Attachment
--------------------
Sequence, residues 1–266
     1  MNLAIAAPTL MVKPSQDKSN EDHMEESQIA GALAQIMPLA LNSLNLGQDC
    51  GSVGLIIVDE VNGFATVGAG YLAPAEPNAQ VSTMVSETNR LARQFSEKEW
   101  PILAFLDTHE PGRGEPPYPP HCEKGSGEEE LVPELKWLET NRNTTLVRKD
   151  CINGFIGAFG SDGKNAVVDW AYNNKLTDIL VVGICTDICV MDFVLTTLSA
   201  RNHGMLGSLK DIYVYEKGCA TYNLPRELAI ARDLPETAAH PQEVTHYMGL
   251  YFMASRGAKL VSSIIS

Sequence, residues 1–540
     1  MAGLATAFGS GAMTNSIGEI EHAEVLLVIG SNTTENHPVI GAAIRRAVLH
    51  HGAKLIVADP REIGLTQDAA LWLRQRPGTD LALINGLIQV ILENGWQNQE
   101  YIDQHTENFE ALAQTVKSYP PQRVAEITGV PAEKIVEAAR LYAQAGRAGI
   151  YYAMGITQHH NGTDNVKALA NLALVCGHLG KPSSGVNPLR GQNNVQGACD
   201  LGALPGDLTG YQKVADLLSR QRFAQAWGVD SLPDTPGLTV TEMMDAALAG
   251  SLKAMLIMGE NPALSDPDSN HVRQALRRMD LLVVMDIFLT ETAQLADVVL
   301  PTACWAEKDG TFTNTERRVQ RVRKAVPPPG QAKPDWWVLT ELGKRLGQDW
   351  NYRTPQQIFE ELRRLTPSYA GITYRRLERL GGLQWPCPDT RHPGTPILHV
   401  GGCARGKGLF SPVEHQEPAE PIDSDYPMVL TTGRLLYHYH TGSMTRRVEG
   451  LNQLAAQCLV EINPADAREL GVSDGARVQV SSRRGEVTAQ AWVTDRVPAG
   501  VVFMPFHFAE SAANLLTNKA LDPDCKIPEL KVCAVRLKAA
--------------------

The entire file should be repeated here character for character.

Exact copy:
Sequence, residues 1–266
     1  MNLAIAAPTL MVKPSQDKSN EDHMEESQIA GALAQIMPLA LNSLNLGQDC
    51  GSVGLIIVDE VNGFATVGAG YLAPAEPNAQ VSTMVSETNR LARQFSEKEW
   101  PILAFLDTHE PGRGEPPYPP HCEKGSGEEE LVPELKWLET NRNTTLVRKD
   151  CINGFIGAFG SDGKNAVVDW AYNNKLTDIL VVGICTDICV MDFVLTTLSA
   201  RNHGMLGSLK DIYVYEKGCA TYNLPRELAI ARDLPETAAH PQEVTHYMGL
   251  YFMASRGAKL VSSIIS

Sequence, residues 1–540
     1  MAGLATAFGS GAMTNSIGEI EHAEVLLVIG SNTTENHPVI GAAIRRAVLH
    51  HGAKLIVADP REIGLTQDAA LWLRQRPGTD LALINGLIQV ILENGWQNQE
   101  YIDQHTENFE ALAQTVKSYP PQRVAEITGV PAEKIVEAAR LYAQAGRAGI
   151  YYAMGITQHH NGTDNVKALA NLALVCGHLG KPSSGVNPLR GQNNVQGACD
   201  LGALPGDLTG YQKVADLLSR QRFAQAWGVD SLPDTPGLTV TEMMDAALAG
   251  SLKAMLIMGE NPALSDPDSN HVRQALRRMD LLVVMDIFLT ETAQLADVVL
   301  PTACWAEKDG TFTNTERRVQ RVRKAVPPPG QAKPDWWVLT ELGKRLGQDW
   351  NYRTPQQIFE ELRRLTPSYA GITYRRLERL GGLQWPCPDT RHPGTPILHV
   401  GGCARGKGLF SPVEHQEPAE PIDSDYPMVL TTGRLLYHYH TGSMTRRVEG
   451  LNQLAAQCLV EINPADAREL GVSDGARVQV SSRRGEVTAQ AWVTDRVPAG
   501  VVFMPFHFAE SAANLLTNKA LDPDCKIPEL KVCAVRLKAA